Berlin Experimental Film Festival focuses solely on Experimental films of all kind from all around the world. The Festival takes place at Kino Moviemento, the oldest Cinema in Germany, founded in 1907 located in Kreuzberg in the middle of Berlin. Regardless if its a quiet sensitive film about personal pain, an angry roar against society, a light hearted documentary about a grandmother, a visual portrayal of sound itself or an insecure attempt to wander into an unknown sexuality – the Experimental Film making as such is what the curated program is be built upon.
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Matthew Toffolo: What is your Film Festival succeeding at doing for filmmakers?
Jonatan Petré Brixel: We’ve had it once and we aimed at having quality fundamentals – paid accomodation for filmmakers, properly present and advertise the films and film screenings and to invite Film organizations that work with distribution, screening and promotion of experimental films. We succeeded which was real nice, we had full house on the Festival.
MT: What would you expect to experience if you attend the festival this year (2017)?
JPB: A festival much like the first but with more films, more attending film makers and more attending film organizations. We’re looking at screening around 70-80 films in our 2nd edition, while still having a proper presentation and promotion for the films.
MT: What are the qualifications for teh selected films?
JPB: The foundation for the Festival and the guideline for film makers submitting and for us who curate the program is the experimental method as such and the personal approach of the filmmaker, regardless of who made it or what it is about. We then have different sections for Narratives, Non narratives, Documentaries and Berlin Originals but all of them builds on the same core principle – a lust to experiment using film and the personal approach of the film maker.
MT: Do you think that some films really don’t get a fair shake from film festivals? And if so, why?
JPB: I think many established festivals tend to push their own ideological agenda and then choose films that fit and that irritates me but hey, it’s not like they owe me to promote my film.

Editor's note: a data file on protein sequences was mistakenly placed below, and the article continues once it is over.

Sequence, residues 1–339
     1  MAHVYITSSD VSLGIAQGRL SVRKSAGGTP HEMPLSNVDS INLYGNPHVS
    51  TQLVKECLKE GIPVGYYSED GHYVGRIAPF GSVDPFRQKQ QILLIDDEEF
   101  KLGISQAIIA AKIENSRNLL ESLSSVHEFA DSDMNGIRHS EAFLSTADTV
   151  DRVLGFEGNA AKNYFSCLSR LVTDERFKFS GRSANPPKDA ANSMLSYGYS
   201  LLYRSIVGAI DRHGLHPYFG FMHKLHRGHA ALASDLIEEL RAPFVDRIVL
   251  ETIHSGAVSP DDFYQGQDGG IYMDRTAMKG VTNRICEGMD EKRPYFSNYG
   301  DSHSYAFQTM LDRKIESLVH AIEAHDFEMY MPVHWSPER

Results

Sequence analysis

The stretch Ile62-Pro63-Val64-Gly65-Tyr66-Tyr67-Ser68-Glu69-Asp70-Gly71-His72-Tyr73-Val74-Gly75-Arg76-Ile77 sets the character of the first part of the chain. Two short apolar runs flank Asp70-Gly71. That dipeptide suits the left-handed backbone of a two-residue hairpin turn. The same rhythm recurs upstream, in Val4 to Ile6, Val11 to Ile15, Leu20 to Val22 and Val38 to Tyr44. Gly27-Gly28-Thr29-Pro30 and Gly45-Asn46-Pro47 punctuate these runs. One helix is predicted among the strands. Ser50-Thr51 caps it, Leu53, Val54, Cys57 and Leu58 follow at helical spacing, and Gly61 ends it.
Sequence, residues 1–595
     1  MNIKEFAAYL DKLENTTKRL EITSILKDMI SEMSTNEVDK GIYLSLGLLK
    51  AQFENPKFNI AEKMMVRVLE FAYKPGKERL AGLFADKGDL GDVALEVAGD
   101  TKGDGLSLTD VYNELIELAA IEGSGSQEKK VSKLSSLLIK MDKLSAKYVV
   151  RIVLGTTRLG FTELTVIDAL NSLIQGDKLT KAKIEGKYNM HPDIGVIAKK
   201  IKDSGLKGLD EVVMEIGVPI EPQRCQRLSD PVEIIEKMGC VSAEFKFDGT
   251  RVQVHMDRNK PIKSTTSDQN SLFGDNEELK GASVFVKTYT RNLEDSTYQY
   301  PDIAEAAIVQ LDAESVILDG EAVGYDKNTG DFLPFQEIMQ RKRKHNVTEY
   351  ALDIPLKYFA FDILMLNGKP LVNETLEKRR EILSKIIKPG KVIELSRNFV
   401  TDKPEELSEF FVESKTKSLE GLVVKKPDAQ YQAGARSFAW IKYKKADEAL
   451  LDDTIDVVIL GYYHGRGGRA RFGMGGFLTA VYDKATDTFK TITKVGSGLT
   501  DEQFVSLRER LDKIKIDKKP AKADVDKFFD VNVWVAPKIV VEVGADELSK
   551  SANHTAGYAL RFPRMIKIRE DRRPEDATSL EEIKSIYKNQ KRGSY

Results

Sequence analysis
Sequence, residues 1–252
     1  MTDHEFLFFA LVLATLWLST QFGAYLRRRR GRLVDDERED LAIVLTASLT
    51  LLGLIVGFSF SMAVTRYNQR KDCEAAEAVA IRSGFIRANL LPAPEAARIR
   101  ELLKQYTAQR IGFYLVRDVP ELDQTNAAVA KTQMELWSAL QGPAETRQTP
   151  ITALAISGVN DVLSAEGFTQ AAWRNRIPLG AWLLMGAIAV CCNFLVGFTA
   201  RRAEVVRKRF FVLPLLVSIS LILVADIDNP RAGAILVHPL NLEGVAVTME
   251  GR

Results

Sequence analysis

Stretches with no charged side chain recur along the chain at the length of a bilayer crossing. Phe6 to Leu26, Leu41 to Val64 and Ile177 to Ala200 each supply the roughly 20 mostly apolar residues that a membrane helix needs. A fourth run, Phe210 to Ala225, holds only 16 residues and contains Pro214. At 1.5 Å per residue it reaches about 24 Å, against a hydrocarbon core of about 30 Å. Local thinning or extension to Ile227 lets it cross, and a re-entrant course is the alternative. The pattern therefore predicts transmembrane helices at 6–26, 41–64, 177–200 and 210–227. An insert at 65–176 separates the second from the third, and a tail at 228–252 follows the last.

All these festivals and other forms of film promotion places popping up – ours included – basically fill a need that has been growing and I think as a film maker it is more important to seek out the people you think promote your sort of film instead of complaining that the ones you know doesn’t. And if you cannot find any – do it yourself. That’s what we did, and funnily enough we discovered we were far from alone there were lots of people and organizations out there doing amazing things. Ever since we started working with the festival we’ve come in contact with alot of
people doing some really great things.
MT: What motivates you and your team to do this festival?
JPB: It is really great promoting other people’s work and making things happen. Organizing an event seeing all the impulses you sent out coming together is real fun even though it’s is a enormous amount of work and involves both monotomous grinding as well as stressfull sudden changes.
MT: How has your FilmFreeway submission process been?
JPB: Excellent, they have a superb platform they keep improving all the time. Easy to work with too.
MT: Where do you see the festival by 2020?
JPB: We’re working on several things, hopefully some of them will see reality even at the next edition 2017.
MT: What film have you seen the most times in your life?
JPB: Escape from New York followed by Big Troubble in Little China, I had them on a 4 hour VHS tape that i kept watching over and over.
MT: In one sentence, what makes a great film?
JPB: If I feel that they went for it may it be in the script writing, acting, directing or post production or of course at best all of them – it’s a great film. Sometimes it’s young kids unknowingly reinacting all hollywood movies they ever seen, sometimes it’s the life work of someone with a long career behind them, sometimes a manic up and comer, and sometimes it’s a failure and others a success for whatever reason but to go for it is the absolute essence of any great film in my opinion.
MT: How is the film scene in your city?
JPB: All over the place. Berlin has both the established Institutions as well as a gigantic amount of people doing their own thing with or without money. And of course all sorts of scenarios and collaborations in between.
Festival Director, Jonatan Petre Brixel (b. 1984 Sweden) has a background in Philosophy and started making films 2007, first Film titled “Pig Man gets a Visit”. He has since made several short films and is currently filming his first Feature Film “Sven Harald’s Adventures”.
Festival Manager, Andrija Jovanovic (b. 1982 Serbia) made his first film the moment he laid his hands on a digital photo camera. His first stop motion project “The big bad bag” was broadcasted on a Swiss SRF2 in 2012. Since then he made several short films and is currently working on his first feature project “Ana”. He has a background in literature and painting.
Interviewer Matthew Toffolo is currently the CEO of the WILDsound FEEDBACK Film & Writing Festival. The festival that showcases 10-20 screenplay and story readings performed by professional actors every month. And the FEEDBACK Monthly Festival held at least twice a month in Toronto & Los Angeles. Go to http://www.wildsoundfestival.com for more information and to submit your work to the festival.